2. Agree Eric. But the shift from US/EU to India, China & Saudi/the Gulf states will happen anyway, it’s just a question of how long it takes. What could speed it up is public opinion in the West, the second superpower. If it was up to the public, and not the politicians trade would be much fairer. So can G20 move fair trade up the public opinion ladder in the West? Vested interests in the US/EU will not yield power, if they can avoid it. But sooner or later reality will force them. So the question is can G20 make it sooner?

  3. It is the opinion of this responder that poverty in nations is one thing, and terrorism in nations is quite another. What may appear to resemble poverty is not in all cases. Just because there are peoples that wish to live in the dust does not make them poor. While it is the responsibility of the West to lend a hand up to those desiring it, others seek a hand out. A country and its government must help itself before seeking the help of others. Nations set on violence for violences sake should be left out of any sort of world organization for peace, regardless of the lip service they contribute to the discussion. Nations that foster terrorism do not want democracy, they do not seek fainess, they abhore intervention in their cultures and despise the G8, G20 and all other forms of "outside intervention." Factionalized groups of obsessive compulsive fanatics, hell bent on destruction of anything resembling the US policy, US lead involvement and US democratic ideals will always win out over fairness in trade.

    Continued….

  4. What I feel needs to be sought out is a serious investment in initiatives that will save our planet, deminish our global thirst for oil, recede from the mid-east all together, and live and let live. Wind technology, environmental impact from industry must be reversed, transportation systems improved to shrink the carbon footprint, investment in those countries that will benefit the world through advancement, and desalination of the ocean waters to fuel organic crop production in the dryest parts of the planet. Change the environment and we will change the world.

    Prosperity will win out where it is welcome, and the inhabitants of the dust, sand and stone huts will have their own paradise. This may sound isolationist, but the US was once so, and should return to it once again. We wanted nothing to do with the wars in Europe of the last century, despite the pleading of those affected by the Nazi regime. It was not until our own soil was violated that we interceded. Then we rebuilt the world, and are the bad guy today.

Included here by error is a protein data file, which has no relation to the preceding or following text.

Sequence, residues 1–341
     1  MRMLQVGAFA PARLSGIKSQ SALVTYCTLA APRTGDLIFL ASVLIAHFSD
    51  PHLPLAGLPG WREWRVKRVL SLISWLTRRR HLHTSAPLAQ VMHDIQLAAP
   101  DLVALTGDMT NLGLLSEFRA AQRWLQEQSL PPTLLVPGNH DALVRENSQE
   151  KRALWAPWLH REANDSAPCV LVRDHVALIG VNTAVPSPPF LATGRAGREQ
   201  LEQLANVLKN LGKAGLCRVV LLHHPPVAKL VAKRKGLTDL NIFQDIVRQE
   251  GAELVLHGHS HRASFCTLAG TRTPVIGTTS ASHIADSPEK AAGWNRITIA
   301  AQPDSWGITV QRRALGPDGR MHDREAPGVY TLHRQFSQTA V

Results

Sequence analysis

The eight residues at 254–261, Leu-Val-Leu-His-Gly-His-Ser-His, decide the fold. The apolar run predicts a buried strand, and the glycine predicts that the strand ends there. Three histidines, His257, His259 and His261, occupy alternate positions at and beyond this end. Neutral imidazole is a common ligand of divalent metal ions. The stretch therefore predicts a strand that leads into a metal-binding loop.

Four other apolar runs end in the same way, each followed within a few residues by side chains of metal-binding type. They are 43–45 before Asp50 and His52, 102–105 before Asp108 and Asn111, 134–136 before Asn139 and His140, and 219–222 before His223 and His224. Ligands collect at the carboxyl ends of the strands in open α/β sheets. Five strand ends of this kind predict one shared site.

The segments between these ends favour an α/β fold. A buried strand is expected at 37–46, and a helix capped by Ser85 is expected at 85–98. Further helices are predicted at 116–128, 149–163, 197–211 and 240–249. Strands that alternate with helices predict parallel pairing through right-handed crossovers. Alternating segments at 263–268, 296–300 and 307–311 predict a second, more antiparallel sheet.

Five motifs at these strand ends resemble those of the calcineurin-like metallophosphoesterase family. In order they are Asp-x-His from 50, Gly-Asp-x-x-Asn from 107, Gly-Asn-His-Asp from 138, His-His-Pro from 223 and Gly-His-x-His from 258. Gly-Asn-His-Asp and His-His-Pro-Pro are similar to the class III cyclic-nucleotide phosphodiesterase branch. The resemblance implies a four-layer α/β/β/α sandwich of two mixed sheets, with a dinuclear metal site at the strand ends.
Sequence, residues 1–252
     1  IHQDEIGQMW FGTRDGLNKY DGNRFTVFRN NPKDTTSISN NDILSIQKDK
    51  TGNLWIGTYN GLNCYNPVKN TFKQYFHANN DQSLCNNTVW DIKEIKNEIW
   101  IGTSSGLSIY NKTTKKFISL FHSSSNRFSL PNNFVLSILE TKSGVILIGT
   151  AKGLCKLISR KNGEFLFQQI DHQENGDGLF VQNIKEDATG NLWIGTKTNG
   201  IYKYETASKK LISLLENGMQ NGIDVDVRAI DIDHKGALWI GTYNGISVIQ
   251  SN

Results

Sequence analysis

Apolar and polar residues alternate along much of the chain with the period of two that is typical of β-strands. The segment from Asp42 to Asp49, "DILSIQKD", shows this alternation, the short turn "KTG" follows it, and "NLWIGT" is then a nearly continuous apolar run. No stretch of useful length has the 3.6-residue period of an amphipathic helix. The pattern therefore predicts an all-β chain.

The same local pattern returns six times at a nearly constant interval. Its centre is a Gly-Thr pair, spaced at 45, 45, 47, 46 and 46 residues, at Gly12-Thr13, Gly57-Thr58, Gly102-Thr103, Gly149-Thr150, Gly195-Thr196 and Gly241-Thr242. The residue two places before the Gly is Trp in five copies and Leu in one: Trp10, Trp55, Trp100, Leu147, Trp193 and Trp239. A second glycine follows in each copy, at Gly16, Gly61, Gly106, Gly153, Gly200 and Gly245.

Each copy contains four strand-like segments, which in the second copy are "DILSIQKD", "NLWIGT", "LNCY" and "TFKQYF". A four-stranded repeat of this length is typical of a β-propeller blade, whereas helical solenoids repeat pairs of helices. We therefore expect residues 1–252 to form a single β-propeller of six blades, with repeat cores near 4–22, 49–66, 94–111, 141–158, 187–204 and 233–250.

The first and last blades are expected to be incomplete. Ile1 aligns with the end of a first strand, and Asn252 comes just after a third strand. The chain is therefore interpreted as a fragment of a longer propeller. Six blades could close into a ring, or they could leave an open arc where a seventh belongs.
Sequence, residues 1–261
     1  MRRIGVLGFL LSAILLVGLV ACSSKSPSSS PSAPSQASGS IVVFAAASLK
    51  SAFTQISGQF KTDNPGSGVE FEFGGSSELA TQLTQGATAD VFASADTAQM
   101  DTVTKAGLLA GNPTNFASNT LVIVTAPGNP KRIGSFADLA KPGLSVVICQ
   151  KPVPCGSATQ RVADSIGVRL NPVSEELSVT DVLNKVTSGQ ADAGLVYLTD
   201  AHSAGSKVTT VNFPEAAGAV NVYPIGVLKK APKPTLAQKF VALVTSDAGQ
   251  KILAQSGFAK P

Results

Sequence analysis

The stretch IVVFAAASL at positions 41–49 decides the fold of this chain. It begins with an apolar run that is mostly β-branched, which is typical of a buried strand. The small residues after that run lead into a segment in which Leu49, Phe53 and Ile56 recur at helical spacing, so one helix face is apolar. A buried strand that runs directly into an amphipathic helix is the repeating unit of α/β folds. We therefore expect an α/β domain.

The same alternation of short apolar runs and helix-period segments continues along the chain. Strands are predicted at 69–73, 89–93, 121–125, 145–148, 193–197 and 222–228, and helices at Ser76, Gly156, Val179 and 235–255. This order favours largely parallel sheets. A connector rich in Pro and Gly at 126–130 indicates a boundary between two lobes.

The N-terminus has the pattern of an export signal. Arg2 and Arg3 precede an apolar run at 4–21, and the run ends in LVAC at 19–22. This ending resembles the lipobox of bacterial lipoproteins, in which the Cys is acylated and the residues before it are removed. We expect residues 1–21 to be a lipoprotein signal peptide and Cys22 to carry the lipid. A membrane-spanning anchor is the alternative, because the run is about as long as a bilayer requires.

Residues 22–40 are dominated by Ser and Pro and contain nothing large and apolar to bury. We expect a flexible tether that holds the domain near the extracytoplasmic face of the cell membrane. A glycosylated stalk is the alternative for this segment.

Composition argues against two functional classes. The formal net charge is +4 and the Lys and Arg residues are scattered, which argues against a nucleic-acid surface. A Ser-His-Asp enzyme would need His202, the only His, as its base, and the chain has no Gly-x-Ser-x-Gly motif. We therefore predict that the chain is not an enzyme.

Continued….

  5. We can't win regardless of action or inaction; let us get out of the fight, release our captives, close our borders, triple out import taxes and tarrifs, remove ourselves from the decision making bodies and live in the comfort and peace within our own borders, leaving the entire remainder of the world to fend for itself. Isolation and inaction will save the lives of our citizens; the deaf ear will not bleed.

  6. A good blog post, Catarina.

    The issue of rich nations v poor ones and democracy is a complex one – suffice it to say that simply making it easy for the poorer nations to trade and hoping that this will lead to Western-style democracy almost always leads to disappointment. The history of so many poor nations is that where trade barriers are eased or removed the only real change is that the few at the top get a lot richer and use this to cement their hold on power. Most people see little or no benefit (and, yes, there are nations that are the exception).

    …Continued

  7. continued…

    Conversely, the Western democratic government approach to ever-higher taxation and profligate spending, all the while claiming they are spending this money for the good of their people is also a nonsensical approach.

    We need to rethink the approach to government completely – simplifying it, reducing spending and taxation, and "teaching people to fish" rather than simply handing out the proverbial fish.

    As Abraham Lincoln so eloquently said,